Functional anatomy of headache: hypothalamus

Publicado na 4ª edição de 2011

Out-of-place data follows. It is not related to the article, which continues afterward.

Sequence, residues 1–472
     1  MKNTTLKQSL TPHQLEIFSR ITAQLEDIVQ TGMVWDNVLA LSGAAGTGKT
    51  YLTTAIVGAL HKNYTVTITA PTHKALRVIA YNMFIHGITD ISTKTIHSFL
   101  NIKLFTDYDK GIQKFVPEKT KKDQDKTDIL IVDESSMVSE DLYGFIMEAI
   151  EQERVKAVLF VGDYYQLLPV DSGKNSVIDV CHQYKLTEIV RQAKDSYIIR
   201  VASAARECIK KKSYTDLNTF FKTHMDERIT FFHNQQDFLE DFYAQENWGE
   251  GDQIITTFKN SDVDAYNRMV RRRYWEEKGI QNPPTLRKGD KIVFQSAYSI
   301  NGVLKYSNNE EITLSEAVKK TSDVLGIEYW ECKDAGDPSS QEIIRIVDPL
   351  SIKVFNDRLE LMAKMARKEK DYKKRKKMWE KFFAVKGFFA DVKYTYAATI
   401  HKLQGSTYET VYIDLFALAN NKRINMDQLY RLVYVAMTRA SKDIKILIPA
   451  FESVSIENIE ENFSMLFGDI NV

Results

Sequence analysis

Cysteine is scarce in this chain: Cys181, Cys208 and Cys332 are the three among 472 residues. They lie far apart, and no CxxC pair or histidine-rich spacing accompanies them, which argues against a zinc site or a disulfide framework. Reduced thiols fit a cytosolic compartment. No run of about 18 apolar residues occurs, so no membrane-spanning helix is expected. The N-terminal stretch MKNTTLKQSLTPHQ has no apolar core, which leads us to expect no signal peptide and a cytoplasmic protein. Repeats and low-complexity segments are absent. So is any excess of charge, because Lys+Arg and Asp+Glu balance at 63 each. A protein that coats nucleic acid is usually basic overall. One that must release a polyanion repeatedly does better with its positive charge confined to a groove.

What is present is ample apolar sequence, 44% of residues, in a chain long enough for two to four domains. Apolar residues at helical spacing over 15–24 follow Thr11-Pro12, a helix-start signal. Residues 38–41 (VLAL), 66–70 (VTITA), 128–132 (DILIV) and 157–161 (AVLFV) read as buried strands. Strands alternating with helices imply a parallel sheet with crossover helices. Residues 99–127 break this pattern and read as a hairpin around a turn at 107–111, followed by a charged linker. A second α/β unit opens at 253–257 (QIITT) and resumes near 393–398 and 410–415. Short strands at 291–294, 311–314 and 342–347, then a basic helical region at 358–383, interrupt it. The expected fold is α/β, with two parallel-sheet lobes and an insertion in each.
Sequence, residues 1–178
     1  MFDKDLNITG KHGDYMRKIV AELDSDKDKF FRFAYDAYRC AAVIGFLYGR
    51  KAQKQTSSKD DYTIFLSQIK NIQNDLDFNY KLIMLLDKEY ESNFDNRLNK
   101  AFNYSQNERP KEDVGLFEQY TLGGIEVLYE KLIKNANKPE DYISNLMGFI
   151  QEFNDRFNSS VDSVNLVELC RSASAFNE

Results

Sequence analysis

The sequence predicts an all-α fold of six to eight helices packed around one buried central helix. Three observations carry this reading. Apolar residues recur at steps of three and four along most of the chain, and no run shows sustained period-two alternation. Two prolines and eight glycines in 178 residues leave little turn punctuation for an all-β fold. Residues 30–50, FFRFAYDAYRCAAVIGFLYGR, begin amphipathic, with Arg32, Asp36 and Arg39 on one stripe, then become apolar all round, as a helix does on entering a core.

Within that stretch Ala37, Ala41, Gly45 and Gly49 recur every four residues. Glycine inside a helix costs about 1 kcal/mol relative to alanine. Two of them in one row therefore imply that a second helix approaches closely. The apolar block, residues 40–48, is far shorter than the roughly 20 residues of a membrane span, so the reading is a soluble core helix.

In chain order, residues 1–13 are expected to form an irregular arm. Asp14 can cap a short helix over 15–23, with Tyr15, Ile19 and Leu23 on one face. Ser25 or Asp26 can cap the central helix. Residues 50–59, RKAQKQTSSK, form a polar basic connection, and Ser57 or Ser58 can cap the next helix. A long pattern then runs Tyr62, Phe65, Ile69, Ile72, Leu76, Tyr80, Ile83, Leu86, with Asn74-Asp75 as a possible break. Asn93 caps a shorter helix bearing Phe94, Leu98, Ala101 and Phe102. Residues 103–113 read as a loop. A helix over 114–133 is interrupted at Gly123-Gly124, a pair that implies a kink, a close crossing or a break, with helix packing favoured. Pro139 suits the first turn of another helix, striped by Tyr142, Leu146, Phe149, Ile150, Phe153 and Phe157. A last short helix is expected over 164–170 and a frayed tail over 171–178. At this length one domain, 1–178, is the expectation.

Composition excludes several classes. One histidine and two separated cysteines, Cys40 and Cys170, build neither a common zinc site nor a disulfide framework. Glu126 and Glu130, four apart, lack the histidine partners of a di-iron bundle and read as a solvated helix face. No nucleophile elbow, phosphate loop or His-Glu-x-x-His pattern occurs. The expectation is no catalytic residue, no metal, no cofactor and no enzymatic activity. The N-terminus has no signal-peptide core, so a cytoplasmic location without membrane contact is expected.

There is now compelling evidence that the hypothalamus exerts a major role in the mechanism of headache triggering. Pain and concomitant changes in the hormonal secretory pattern occur during an attack of headache when hypothalamic structures are involved. During spontaneous migraine or cluster headache attacks activation of the hypothalamus is shown by positron emission tomography. Over the past 10 years a number of patients with refractory chronic cluster headache have received neurostimulation of the posteroinferior hypothalamus as a form of treatment. The clinical use of deep brain stimulation (DBS) is based on the theory of posterior hypothalamic nucleus dysfunction as the cause of cluster headache attacks. In this article the authors review the functional anatomy of the hypothalamic region and its neighborhood, using silicone-injected cadaveric head and MRI. In conclusion, a better understanding of the functional anatomy of the hypothalamus and its neighborhood is imperative for understanding the pathophysiology of several of the primary headaches, particularly migraine and the trigemino-autonomic headaches. Direct stimulation of the posterior hypothalamic region using DBS devices is now the "state of the art" form of treatment indicated for refractory chronic cluster headache. The exact mechanism and the actual region where the DBS may act are still unknown, and studies on the functional anatomy of the hypothalamus are crucial to the progress in this marvelous field of functional neurosurgery.


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